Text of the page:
Capital investments are funds invested in a firm or enterprise for the purposes of furthering its business objectives. Capital investment may also refer to a firm's acquisition of capital assets or fixed assets such as manufacturing plants and machinery that are expected to be productive over many years. Sources of capital investment are manifold and can include equity investors, banks, financial institutions, venture capital and angel investors. While capital investment is usually earmarked for capital or long-life assets, a portion may also be used for working capital purposes.

Capital investment encompasses a wide variety of funding options. While funding for capital investment is generally in the form of common or preferred equity issuance, it may also be through straight or convertible debt. Funding may range from an amount of less than $100,000 in seed financing for a start-up to amounts in the hundreds of millions for massive projects in capital-intensive sectors like mining, utilities and infrastructure.

In this section, we'll examine various components of a company's capital investment decisions, including project cash flows, incremental cash flows and more.

Project Cash Flows

Related Articles
  1. Managing Wealth

    Issued share capital versus subscribed share capital

    Learn the difference between issued share capital versus subscribed share capital. Get information about various types of capital.
  2. Investing

    Financial markets: Capital vs. Money Markets

    There are several key differences between capital markets and money markets as components of financial markets. Check out the similarities and differences between the two markets.
  3. Investing

    Ares Capital (ARCC) to Buy Rival for $3.4 bln (ARCC, ACAS)

    Private equity firm Ares Capital inks deal to acquire smaller rival American Capital for $3.4 bln in stock and cash.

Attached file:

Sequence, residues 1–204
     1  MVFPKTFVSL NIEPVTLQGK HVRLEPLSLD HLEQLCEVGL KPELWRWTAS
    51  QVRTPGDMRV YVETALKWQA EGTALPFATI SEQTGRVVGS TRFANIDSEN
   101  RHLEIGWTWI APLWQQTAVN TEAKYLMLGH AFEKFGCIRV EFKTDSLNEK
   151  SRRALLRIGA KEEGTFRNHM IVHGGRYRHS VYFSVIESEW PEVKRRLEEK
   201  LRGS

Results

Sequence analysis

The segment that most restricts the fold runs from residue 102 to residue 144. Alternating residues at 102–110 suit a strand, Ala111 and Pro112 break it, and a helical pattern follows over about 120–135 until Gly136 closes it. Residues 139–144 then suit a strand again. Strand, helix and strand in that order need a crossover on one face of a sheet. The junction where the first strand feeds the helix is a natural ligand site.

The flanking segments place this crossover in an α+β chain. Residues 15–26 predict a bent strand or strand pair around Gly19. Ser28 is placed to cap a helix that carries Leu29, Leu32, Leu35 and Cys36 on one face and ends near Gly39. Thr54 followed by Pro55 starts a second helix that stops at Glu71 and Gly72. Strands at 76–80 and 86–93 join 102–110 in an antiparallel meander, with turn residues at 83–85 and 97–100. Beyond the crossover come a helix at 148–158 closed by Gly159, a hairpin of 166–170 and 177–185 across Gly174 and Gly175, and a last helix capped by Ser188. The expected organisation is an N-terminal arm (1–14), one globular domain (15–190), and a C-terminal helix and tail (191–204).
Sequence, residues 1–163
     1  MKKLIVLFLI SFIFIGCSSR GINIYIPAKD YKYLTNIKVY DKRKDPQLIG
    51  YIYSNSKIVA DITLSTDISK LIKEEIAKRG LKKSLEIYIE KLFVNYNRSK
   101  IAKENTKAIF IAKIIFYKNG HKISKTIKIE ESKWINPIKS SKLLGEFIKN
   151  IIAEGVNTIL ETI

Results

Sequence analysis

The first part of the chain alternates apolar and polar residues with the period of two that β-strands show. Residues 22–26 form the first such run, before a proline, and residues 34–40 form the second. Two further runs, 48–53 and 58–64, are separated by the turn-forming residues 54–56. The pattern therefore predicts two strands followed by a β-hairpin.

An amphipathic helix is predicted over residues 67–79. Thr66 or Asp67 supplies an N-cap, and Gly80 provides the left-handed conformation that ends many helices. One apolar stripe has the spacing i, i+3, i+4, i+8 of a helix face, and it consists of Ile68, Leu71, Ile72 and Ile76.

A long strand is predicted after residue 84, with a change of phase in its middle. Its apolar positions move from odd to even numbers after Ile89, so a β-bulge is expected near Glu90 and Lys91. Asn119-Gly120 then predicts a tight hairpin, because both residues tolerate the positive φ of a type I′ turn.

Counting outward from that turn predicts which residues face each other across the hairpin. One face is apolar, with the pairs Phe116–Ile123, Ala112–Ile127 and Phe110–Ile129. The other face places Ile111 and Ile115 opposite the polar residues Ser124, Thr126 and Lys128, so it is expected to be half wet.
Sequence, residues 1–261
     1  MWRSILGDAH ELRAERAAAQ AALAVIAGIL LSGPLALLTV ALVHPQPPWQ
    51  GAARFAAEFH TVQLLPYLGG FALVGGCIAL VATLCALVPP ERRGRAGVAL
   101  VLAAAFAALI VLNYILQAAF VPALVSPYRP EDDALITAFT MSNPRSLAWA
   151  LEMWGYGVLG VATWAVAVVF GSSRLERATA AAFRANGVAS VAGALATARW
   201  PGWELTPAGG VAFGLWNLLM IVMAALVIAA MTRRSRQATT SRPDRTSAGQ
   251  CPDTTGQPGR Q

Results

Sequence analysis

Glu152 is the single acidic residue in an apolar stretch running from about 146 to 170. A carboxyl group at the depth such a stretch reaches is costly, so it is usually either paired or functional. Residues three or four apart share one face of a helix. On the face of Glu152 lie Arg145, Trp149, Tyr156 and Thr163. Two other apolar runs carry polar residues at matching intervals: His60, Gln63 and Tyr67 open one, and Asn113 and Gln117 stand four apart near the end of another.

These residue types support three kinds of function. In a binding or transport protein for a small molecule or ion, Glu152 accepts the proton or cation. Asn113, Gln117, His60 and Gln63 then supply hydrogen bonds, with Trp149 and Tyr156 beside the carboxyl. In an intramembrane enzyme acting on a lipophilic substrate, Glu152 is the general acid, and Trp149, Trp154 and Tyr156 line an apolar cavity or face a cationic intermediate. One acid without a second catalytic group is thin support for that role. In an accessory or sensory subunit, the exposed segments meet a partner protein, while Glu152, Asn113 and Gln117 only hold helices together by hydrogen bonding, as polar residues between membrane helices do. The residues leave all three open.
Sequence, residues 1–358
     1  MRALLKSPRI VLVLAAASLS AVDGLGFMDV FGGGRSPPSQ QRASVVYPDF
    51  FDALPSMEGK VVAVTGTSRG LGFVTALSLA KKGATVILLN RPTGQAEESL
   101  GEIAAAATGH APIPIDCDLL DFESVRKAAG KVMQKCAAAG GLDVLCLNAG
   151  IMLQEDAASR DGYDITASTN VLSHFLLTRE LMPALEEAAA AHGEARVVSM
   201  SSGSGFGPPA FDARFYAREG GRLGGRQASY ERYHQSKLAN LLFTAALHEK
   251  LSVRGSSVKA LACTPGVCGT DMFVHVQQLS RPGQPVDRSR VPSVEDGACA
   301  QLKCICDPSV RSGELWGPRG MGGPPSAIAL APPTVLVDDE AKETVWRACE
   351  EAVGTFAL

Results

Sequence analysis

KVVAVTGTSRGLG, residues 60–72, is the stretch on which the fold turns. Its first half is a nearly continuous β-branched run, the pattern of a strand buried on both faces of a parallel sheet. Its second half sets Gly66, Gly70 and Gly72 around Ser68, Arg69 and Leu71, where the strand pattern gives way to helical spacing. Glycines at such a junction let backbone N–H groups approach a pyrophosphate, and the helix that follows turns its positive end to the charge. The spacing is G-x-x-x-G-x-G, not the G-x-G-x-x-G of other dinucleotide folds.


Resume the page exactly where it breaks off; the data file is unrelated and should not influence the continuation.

4. Investing

    Advantages of Maintaining Low Working Capital

    Understand the benefits and advantages of maintaining low working capital as related to liquidity needs, capital allocation and operational efficiency.
  5. Tech

    Understanding Facebook's Capital Structure (FB)

    Facebook's strong revenue and earnings have allowed solid expansion of the company's equity capitalization, resulting in little debt in its capital structure.
  6. Investing

    Target Corp: WACC Analysis (TGT)

    Learn about the importance of capital structure when making investment decisions, and how Target's capital structure compares against the rest of the industry.
  7. Investing

    Amazon Stock: Capital Structure Analysis (AMZN)

    Analyze Amazon's capital structure to determine what roles equity and debt play in financing operations. How has Amazon's financial leverage changed over time?
  8. Investing

    Twitter Stock: Capital Structure Analysis (TWTR)

    Analyze Twitter's capital structure to understand the importance of equity and debt financing. Identify trends in financial leverage and enterprise value.
  9. Investing

    Cash flow statement: Analyzing cash flow from financing activities

    The financing activity in the cash flow statement measures the flow of cash between a firm and its owners and creditors.
  10. Small Business

    Facebook Stock: Capital Structure Analysis (FB)

    Analyze Facebook's capital structure to identify trends and atypical characteristics. Find out why the company uses equity capital and carries no debt.
Frequently Asked Questions
  1. How Does Gross Margin and Net Margin Differ?

    Gross margin or gross profit margin and net profit margin are both profitability ratios used in determining the financial ...
  2. What is the difference between iShares, Vanguard ETFs and Spiders?

    iShares, Vanguard ETFs and SPDRs, or spiders, represent different exchange-traded fund families.
  3. How Does Gross Margin and Profit Margin Differ?

    Gross margin and profit margin are profitability ratios used in evaluating a company's financial health but have distinct ...
  4. What is the difference between closed-end credit and a line of credit?

    Understand the difference between closed-end credit, open-end credit, and lines of credit. Then find out how each are used ...
Trading Center